It’s Darwin Day on 12th February, so to celebrate the Father of Evolution our Curriculum Specialist, James Ediker, has put together a lesson plan for you to use in the classroom.

Charles Darwin

Anyone can use this plan – but if you’re a Britannica subscriber, you’ll benefit from full access to all of the resources used. If you’re not a subscriber but you’re interested in how we can help your school’s learning resources, don’t worry – just click here and we can set you up with a free 30 day trial.

The theory of evolution by natural selection that was developed by Charles Darwin revolutionized the study of living things. In his Origin of Species(1859) he provided a scientific explanation of how the diverse species of plants and animals have descended over time from common ancestors. His theory remains central to the foundations of modern biology. Moreover, by demonstrating how natural laws govern the world of living things, Darwin helped usher in a new era in the cultural and intellectual history of humankind.

Learning Outcome: To explore Charles Darwin’s life and work

Success Criteria:

  • Be able to explain Darwin’s impact on the scientific world.
  • Be able to discuss main language features of an information text.
  • Be able to begin to show an understanding of evolution.
Evolution of Man
Credit: David Gifford/ Science Photo Library / Universal Images Group

 

 

 

 

 

 

 

 

 

 

 

Tasks: 

  • Using the above image, ask pupils what they already know about this picture and what they would like to know.
  • Ask pupils to consider animals that are specifically adapted to their environments, get pupils to make a list of the animals and the environments they are adopted to. Britannica School subscribers can access this article to help.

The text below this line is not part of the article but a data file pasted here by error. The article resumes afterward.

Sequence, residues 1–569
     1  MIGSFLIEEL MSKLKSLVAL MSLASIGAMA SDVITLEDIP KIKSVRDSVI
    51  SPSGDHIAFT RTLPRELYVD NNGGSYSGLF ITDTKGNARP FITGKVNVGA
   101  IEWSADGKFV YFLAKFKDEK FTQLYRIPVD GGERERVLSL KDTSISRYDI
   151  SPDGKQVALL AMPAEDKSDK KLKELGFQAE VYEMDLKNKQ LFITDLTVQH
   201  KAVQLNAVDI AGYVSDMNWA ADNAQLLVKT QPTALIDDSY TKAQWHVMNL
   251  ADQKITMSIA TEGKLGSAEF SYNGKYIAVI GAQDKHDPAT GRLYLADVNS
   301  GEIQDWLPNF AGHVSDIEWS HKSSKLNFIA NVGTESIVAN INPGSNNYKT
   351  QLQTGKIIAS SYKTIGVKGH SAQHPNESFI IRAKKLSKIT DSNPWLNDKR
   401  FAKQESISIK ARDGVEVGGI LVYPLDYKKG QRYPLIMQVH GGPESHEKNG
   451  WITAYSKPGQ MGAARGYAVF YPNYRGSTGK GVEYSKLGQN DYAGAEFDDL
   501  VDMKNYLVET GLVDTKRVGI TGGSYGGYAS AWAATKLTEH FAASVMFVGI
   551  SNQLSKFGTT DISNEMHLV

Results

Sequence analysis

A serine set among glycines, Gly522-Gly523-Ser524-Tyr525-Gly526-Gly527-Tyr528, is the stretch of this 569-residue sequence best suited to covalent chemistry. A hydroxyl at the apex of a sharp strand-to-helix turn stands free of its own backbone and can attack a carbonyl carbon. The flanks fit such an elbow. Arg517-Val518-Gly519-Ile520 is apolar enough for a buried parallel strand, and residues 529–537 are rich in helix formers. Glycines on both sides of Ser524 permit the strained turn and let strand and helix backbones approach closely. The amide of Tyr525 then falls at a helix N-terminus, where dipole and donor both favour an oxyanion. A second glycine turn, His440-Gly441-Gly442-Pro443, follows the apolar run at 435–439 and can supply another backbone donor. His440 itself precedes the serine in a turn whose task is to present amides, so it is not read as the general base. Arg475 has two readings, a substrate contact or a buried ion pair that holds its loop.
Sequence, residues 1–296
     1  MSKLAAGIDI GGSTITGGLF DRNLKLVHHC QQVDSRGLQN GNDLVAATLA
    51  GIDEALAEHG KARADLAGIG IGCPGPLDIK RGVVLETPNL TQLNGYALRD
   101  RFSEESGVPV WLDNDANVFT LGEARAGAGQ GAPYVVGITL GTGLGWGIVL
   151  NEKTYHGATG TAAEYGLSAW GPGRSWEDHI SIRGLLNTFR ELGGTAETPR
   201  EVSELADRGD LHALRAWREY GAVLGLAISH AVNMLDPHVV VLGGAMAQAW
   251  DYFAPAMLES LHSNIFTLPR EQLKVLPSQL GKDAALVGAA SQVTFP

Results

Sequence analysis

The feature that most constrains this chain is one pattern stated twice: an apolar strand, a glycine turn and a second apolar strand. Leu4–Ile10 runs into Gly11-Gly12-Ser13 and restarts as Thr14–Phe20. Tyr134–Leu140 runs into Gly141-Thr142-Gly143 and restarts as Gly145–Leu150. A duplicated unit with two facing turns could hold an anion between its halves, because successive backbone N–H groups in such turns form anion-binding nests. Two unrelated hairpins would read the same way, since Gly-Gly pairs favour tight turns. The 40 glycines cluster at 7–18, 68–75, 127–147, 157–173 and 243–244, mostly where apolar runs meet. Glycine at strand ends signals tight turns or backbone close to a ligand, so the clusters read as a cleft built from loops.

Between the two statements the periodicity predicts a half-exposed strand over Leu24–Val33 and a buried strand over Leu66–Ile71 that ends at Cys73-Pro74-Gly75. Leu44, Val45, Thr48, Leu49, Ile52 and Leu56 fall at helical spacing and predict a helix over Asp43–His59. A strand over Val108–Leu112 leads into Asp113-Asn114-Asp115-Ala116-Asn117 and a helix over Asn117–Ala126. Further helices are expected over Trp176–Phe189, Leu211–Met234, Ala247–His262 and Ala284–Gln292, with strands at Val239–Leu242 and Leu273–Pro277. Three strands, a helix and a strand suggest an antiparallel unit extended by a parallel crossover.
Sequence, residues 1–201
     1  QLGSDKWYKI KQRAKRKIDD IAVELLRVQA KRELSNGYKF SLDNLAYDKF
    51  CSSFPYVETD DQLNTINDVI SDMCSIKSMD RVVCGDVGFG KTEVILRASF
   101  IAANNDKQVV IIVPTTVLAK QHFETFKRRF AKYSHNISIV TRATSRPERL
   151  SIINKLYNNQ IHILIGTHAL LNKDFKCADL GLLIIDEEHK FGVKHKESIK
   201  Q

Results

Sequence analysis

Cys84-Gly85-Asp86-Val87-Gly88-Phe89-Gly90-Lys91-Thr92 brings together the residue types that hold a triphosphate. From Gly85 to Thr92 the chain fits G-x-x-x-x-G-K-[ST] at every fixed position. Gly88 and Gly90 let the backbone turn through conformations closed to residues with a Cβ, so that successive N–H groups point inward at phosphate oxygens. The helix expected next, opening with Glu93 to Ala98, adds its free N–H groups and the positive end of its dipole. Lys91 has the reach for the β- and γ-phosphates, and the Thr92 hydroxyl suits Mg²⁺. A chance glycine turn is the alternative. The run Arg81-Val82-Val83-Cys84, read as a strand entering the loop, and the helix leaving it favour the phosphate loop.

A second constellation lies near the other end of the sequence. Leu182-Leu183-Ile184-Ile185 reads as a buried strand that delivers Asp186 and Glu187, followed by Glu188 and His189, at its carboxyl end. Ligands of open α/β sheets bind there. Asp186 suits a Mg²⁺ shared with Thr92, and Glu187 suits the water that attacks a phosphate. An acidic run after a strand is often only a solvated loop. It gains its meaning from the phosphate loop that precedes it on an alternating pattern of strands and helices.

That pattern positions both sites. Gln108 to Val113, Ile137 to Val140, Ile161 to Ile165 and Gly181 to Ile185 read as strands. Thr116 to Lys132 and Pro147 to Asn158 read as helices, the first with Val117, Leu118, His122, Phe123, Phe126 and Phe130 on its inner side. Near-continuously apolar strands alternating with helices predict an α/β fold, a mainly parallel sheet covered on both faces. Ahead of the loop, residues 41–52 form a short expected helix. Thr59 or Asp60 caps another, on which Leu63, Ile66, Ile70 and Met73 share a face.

• Ask pupils to note down and discuss three facts about Darwin
  • Ask pupils to discuss the below quote from Darwin and ask them how it connects with their learning in this lesson.

“It is not the strongest of the species that survives, nor the most intelligent that survives.  It is the one that is the most adaptable to change.”

Main Task: 

  • Ask pupils to create questions that they would like to ask Charles Darwin about his work. This can be done in either mixed ability groups or as an independent task. Britannica School subscribers can access this article to help.

Plenary Task: 

  • Show pupils the image from the start of the lesson, what have they learnt and how does this link to the image?

Homework: 

  • Ask students to create their own imaginary animal. Ask them to describe which habitat it would live in and why it is adapted to live there.

Follow up lesson ideas:

  • Drama: Hot seating using the questions pupils have written for Charles Darwin.
  • Computing / English: Fact files on Darwin’s life and work.

If you want a free demo or trial of any Britannica resources, just click here and one of our team will be in touch to arrange a time to suit you.

Tried it with your class? How did it go? Send us feedback on Facebook or Twitter and tag us @Britannica_UK and #DarwinDay